18. 18.
    J. P. van der Ziel, Phys. Rev. B4, 2888 (1971).ADSGoogle Scholar
  19. 19.
    R. L. Orbach in Optical Properties of Ions in Crystals, ed. by H. M. Crosswhite and H. W. Moos (Wiley Interscience, N. Y., 1967) p. 445.Google Scholar
  20. 20.
    T. Miyakawa and D. L. Dexter, Phys. Rev. B1, 2961 (1970).ADSGoogle Scholar
  21. 21.
    L. A. Riseberg and H. W. Moos, Phys. Rev. 174, 429 (1968).ADSCrossRefGoogle Scholar
  22. 22.
    N. Yamada, S. Shionoya, and T. Kushida, J. Phys. Soc. Japan 32, 1577 (1972).ADSCrossRefGoogle Scholar
  23. 23.
    T. Förster, Z. Naturforsch. 4A, 321 (1949).ADSGoogle Scholar
  24. 24.
    R. E. Kellogg, J. Luminescence 1, 435 (1970).ADSCrossRefGoogle Scholar
  25. 25.
    E. Nakazawa and S. Shionoya, J. Chem. Phys. 47, 3211 (1967).ADSCrossRefGoogle Scholar
  26. 26.
    M. Inokuti and H. Hirayama, J. Chem. Phys. 43, 1978 (1965).ADSCrossRefGoogle Scholar
  27. 27.
    M. Yokota and O. Tanimoto, J. Phys. Soc. Japan 22, 779 (1967).ADSCrossRefGoogle Scholar
  28. 28.
    A. I. Burshtein, Sov. Phys. JETP 35, 882 (1972).ADSGoogle Scholar
  29. 29.
    M. Trlifaj, Czech. J. Phys. 8, 510 (1958).MathSciNetADSCrossRefGoogle Scholar
  30. 30.
    M. J. Weber, Phys. Rev. B4, 2932 (1971).ADSGoogle Scholar
  31. 31.
    J. P. van der Ziel, L. Kopf, and L. G. Van Uitert, Phys. Rev. B6, 615 (1972).ADSGoogle Scholar
  32. 32.
    R. K. Watts and H. J. Richter, Phys. Rev. B6, 1584 (1972).ADSGoogle Scholar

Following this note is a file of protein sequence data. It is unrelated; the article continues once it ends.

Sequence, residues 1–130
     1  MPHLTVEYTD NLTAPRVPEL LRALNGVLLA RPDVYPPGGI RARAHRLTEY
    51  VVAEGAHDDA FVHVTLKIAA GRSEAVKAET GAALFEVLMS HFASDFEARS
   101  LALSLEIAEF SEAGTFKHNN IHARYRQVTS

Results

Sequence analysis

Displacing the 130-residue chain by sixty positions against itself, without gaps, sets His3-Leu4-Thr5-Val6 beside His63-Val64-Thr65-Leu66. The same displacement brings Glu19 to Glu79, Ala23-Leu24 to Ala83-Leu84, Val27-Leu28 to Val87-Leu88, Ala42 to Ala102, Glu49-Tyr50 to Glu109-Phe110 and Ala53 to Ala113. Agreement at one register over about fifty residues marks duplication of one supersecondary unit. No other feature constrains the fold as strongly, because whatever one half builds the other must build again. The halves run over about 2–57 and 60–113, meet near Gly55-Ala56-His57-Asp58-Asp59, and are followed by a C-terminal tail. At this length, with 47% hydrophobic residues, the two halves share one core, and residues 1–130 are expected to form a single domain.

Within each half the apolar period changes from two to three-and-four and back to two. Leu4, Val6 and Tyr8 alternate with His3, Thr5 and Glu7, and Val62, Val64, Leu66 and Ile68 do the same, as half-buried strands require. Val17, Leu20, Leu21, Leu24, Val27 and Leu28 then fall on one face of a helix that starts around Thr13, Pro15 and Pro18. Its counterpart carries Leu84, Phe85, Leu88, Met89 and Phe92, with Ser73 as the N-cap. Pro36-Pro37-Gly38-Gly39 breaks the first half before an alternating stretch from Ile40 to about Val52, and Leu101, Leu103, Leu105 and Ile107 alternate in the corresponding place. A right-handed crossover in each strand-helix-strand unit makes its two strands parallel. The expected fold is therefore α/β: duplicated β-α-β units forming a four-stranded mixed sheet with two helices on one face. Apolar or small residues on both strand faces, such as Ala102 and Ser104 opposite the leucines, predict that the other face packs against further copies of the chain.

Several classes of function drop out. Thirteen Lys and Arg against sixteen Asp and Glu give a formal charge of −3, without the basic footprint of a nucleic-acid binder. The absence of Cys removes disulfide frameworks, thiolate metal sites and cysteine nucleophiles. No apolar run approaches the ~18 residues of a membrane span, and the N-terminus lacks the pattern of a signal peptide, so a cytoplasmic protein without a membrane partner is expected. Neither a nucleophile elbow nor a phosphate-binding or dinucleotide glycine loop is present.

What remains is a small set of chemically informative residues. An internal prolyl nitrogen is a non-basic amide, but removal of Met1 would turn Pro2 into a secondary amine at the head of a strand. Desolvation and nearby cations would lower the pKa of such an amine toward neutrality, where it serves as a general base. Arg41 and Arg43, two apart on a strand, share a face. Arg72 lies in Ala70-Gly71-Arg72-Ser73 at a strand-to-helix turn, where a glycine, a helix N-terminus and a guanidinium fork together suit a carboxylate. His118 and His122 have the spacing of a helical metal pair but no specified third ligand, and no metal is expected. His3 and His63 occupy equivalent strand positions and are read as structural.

33. 33.
    N. Krasutsky and H. W. Moos, Phys. Rev. B8, 1010 (1973).ADSGoogle Scholar
  34. 34.
    W. B. Gandrud and H. W. Moos, J. Chem. Phys. 49, 2170 (1968).ADSCrossRefGoogle Scholar
  35. 35.
    For an alternate derivation of the rate equation see W. J. C. Grant, Phys. Rev. B4, 648 (1971).ADSGoogle Scholar
  36. 35a.
    See also F. K. Fong and D. J. Diestler, J. Chem. Phys. 56, 2875 (1972).ADSCrossRefGoogle Scholar
  37. 36.
    G. F. Imbusch, Phys. Rev. 153, 326 (1967).ADSCrossRefGoogle Scholar
  38. 37.
    J. M. Flaherty and B. Di Bartolo, Phys. Rev. B8, 5232 (1973).ADSGoogle Scholar
  39. 38.
    T. P. J. Botden and F. A. Kröger, Physica 14, 553 (1948).ADSCrossRefGoogle Scholar
  40. 39.
    F. Williams, Phys. Stat. Sol. 25, 493 (1968).ADSCrossRefGoogle Scholar
  41. 40.
    K. Colbow, Phys. Rev. 139A, 274 (1965).ADSCrossRefGoogle Scholar
  42. 41.
    M. Kleinerman, J. Luminescence 1, 481 (1970).ADSCrossRefGoogle Scholar
  43. 42.
    R. K. Watts and W. C. Holton, J. Appl. Phys. 45, 873 (1974).ADSCrossRefGoogle Scholar
  44. 43.
    V. R. Belan, C. M. Briskina, V. V. Grigoryants, and M. E. Zhabotinskii, Sov. Phys. JETP 30, 627 (1970).ADSGoogle Scholar
  45. 44.
    L. A. Riseberg, Phys. Rev. A7, 671 (1973).ADSGoogle Scholar
  46. 45.
    S. K. Lyo, Phys. Rev. B3, 3331 (1971).ADSGoogle Scholar
  47. 46.
    N. Motegi and S. Shionoya, J. Luminescence 8, 1 (1974).CrossRefGoogle Scholar

Copyright information

© Plenum Press, New York 1975

Authors and Affiliations

  • R. K. Watts
    • 1
  1. 1.Texas Instruments Inc.DallasUSA

Personalised recommendations